As you may have noticed, interest rates are very low at the moment. In fact, they may be the lowest they have ever been. As I write this piece in the middle of August, some $13.4 trillion in global government debt actually trades at negative yields, representing an astonishing 1/3 of all sovereign debt outstanding. A quick survey of the global bond universe reveals the following interest rates now offered on ten-year government bonds in developed countries:
Notice that the United States, at 1.57%, is the highest yielding market on the list. Switzerland, the lowest yielding country, currently offers no positive-yielding government debt at all – even on bonds with a 50-year maturity! It certainly is a great time to be a borrower. But what is really going on? And why would investors “pay” interest for the privilege of lending money to their government?
There are many factors at play here, but three stand out as the most culpable. The first is a powerful and persistent fear of deflation, an economic state where general price levels decline over time. In a strong deflationary environment, negative yields can make economic sense, because real, inflation-adjusted returns can still be positive even when the “nominal” (unadjusted) yield is negative.
For example, if the general price level in Japan declines by 1% annually for the next ten years, a government bondholder will receive a positive real return of 0.89% per year. And in fact, both Europe and Japan have experienced outright deflation in some recent periods.
Secondly, there are significant currency effects happening underneath the surface that are also having an influence on bond yields. Let’s look at Switzerland for example. While most European countries use the Euro as their currency, Switzerland has retained the Swiss Franc.
Over the last several years, the Swiss Franc has appreciated strongly against the Euro. Despite the negative yields on Swiss government bonds, investors from Euro countries who invested in Swiss Franc-denominated bonds have enjoyed positive returns after accounting for the gains in foreign exchange. As Swiss yields remain strongly negative today, the market is clearly stating that it expects the relative appreciation of the Swiss Franc to continue.
Finally, in what may be the most powerful force at work here, we cannot ignore the ongoing “unconventional” monetary policy response by the world’s central banks in the wake of the 2008 financial crisis and global recession. “Conventional” monetary policy, the only kind implemented outside of Japan until fairly recently, mainly involves altering the short-term rate that banks pay to borrow money either from the Federal Reserve or from each other.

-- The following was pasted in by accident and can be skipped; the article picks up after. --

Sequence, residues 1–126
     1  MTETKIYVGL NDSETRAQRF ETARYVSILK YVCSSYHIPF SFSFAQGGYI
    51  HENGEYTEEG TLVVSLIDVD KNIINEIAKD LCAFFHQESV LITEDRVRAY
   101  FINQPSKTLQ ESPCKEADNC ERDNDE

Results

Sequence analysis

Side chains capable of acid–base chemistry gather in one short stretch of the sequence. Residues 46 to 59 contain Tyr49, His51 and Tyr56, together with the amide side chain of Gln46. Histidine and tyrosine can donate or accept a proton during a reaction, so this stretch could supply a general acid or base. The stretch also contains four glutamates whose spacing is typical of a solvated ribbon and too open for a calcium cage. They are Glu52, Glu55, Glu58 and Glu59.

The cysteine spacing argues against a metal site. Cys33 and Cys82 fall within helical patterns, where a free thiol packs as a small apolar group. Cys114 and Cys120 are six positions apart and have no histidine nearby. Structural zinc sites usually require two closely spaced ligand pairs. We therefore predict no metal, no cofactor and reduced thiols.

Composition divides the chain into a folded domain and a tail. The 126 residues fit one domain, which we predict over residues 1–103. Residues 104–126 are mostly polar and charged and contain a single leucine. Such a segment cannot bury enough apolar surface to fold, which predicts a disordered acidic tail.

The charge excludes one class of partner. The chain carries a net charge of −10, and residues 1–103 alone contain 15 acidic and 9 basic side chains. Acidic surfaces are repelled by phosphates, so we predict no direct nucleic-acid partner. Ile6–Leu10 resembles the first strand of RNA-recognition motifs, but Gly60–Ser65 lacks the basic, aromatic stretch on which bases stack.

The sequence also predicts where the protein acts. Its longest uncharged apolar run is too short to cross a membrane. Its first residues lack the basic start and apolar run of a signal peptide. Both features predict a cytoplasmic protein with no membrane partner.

However, during the post-financial crisis recession of 2008, the Federal Reserve lowered these short-term rates all the way to zero, but the economy continued to weaken and inflation remained well below their stated 2% target. It was then decided to pursue unconventional monetary policy in an attempt to further stimulate aggregate demand and offset the deflationary impact of simultaneous consumer and corporate deleveraging.
This new policy, dubbed “quantitative easing”, effectively created a large new supply of money, which the Federal Reserve then invested in US Treasury and Agency (mortgage) debt securities, raising their prices and lowering their yields, exactly as intended.
While the United States ended their QE policy in October of 2014, total central bank asset purchases have actually expanded since then, led by the Bank of Japan and the European Central Bank as shown in the following chart:
Some $180 billion is being invested into longer-term government debt by global central banks each month, and this is expected to continue at least into 2017. With such a powerful tailwind, there is no doubt that this is having the intended effect of lowering government bond yields around the world.
When will this all end? Unfortunately no one knows for sure. Market prognosticators calling for interest rates to rise have been continually proven wrong now for many years. But because none of the forces currently at work today are likely to be permanent, we can expect bond yields to move up eventually, and negative yielding debt will become an historical curiosity.